The Texas Chainsaw Massacre: Absolute bloody rubbish

Review: There’s very little to be said for this squalid sequel to the 1974 original

Texas Chainsaw Massacre
The Texas Chainsaw Massacre
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Director: David Blue Garcia
Cert: Club
Genre: Horror
Starring: Sarah Yarkin, Elsie Fisher, Mark Burnham, Jacob Latimore, Moe Dunford, Olwen Fouéré, Alice Krige
Running Time: 1 hr 23 mins

Nearly half a century after The Texas Chain Saw Massacre first spread unease about the world, yet another unwelcome disinterment squelches towards blameless viewers. This Texas Chainsaw Massacre (the eccentric spelling applies only to Tobe Hooper's 1974 classic) has had a particularly unhappy gestation period. Andy and Ryan Tohill, Northern Irish directors of the fine Dig, were employed as directors, but exited after production began due to "creative differences".

The Irish influence survived David Blue Garcia's arrival behind the megaphone, with Moe Dunford, star of Dig, and Olwen Fouéré, enjoying second wind as an invaluable character actor in macabre cinema, bathing in their fair share of hurtling viscera. Eventually ending up on Netflix, the film bears all the traces of a troubled production. Too many bad ideas are juggled in too small a space. Characters spring from nowhere and vanish into the grave with indecent haste. "I wish I knew you all were coming – I'd have put my face on," a creepy older lady says in the opening 10 minutes. Don't fret. We will not reveal if that is misdirection or foreshadowing. It's equally groan-worthy either way.

Elsie Fisher, Sarah Yarkin, Nell Hudson and Jacob Latimore

Like the recent, fitful Halloween movies, the new film is a direct sequel to the original that ignores the clatter of intervening episodes. Once again, a vehicle packed with urban young folk is driving towards an uncomfortably rural corner of the Lone Star State. There are the seeds of an interesting contrast here. It would be a stretch to call Hooper's film a satire, but the story did put a counter-cultural, post-Vietnam generation in the path of grotesque variations on the nuclear family (Kim Newman saw Leatherface and his cannibalistic relations as distortions of conventional sitcom characters). Here it is the young people who represent new variations of destructive conformity. They have bought the town where the massacre occurred and are planning hipster gentrification. Dunford's initially threatening good old boy wonders if they are a cult. They reply they are just looking to "build a better world". He sniffs and says, with some justification: "Yeah, that's a cult." This line of attack reaches its apex (nadir?) as a gang of later arrivals take to livestreaming the resuscitated Leatherface on their smartphones. When they suggest they are "cancelling" him, he … well, let us just say we now feel guilty about describing the satire in Don't Look Up as on-the-nose.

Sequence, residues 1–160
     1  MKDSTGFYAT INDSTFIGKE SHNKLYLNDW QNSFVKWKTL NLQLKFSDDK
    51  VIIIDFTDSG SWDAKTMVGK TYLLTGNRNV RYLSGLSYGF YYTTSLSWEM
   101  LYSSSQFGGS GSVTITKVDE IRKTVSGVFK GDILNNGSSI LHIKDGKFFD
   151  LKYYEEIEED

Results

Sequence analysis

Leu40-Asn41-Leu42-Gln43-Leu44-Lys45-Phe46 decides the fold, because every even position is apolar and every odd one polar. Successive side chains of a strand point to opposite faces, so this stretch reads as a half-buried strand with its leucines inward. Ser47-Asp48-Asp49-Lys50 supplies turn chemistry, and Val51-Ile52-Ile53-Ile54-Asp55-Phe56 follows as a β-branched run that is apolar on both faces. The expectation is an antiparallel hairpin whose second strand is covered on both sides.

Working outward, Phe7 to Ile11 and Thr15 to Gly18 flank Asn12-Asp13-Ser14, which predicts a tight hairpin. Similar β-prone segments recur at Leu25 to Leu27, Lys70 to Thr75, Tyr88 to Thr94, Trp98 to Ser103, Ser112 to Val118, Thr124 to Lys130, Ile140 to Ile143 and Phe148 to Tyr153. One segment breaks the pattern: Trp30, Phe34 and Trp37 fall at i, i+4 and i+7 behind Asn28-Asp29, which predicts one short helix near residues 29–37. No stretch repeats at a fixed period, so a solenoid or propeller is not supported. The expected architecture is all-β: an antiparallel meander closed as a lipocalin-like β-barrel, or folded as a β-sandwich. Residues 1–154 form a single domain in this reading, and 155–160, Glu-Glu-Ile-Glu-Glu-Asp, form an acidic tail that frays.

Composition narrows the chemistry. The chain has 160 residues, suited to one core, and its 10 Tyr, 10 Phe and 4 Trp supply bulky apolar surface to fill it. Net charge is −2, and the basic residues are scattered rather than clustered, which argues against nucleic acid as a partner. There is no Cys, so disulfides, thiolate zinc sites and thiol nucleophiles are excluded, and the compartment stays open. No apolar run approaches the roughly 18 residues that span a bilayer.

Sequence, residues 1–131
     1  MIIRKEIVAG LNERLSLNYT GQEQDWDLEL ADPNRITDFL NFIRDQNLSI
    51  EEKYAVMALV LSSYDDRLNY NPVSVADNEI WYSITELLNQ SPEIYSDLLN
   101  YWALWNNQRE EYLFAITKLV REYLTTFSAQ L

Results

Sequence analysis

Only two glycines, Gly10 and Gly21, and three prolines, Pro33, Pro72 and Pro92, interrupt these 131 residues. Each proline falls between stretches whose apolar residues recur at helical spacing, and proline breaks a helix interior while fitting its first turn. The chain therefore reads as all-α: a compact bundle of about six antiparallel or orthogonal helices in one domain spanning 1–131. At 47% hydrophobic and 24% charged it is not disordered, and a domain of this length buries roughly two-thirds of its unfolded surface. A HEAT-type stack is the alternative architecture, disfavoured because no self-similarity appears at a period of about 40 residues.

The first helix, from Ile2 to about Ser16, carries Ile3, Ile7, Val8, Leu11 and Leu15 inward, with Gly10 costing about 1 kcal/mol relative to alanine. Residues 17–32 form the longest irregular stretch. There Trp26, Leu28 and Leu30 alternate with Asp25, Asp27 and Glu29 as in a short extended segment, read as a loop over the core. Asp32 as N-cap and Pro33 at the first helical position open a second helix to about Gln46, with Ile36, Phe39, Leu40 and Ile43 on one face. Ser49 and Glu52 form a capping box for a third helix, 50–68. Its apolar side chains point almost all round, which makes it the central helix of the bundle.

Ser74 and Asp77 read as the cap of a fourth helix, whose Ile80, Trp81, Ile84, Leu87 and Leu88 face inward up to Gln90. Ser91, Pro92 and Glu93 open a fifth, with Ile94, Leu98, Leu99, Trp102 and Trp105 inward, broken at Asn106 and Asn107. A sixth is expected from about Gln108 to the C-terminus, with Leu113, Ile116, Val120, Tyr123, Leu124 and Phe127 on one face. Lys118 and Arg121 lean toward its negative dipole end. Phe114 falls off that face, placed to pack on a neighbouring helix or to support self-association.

There are further half-baked ideas in the mix. Jacob Latimore plays (ahem) Dante, a young black man who, upon encountering a Confederate flag in the town, makes the sort of noises we hear in Jordan Peele horrors. Elsie Fisher, so good in Eighth Grade, turns up as a young woman still traumatised after suffering serious injuries in a school shooting. One would hardly wish the thing longer than its lurid 83 minutes, but none of these potentially fecund storylines receives more than the cursory sketch they were probably granted in the initial script meeting.


The film-makers, of course, need time to work through their revolting annihilations. If that is what you are after, the film cannot be faulted. Someone’s hand gets torn off and the jutting ulna (or possibly radius) is used to stab somebody else in the face. Another victim is impaled on the eponymous power tool and held aloft like a martyred saint. There is scarcely a corner of tissue that does not go through the mincer.

Yet not for a second do we experience a wisp of the sweat-soaked integrity that made Hooper’s film such a cultural phenomenon. The aesthetic here may be shinier and smoother, but that calculation just makes the experience feel more squalid. In a weirdly scatological aside, the villain chainsaws through an underground pipe and drenches one of the heroes in effluent. Viewers will have some idea how she feels.

On Netflix from February 18th

Donald Clarke

Donald Clarke

Donald Clarke, a contributor to The Irish Times, is Chief Film Correspondent and a regular columnist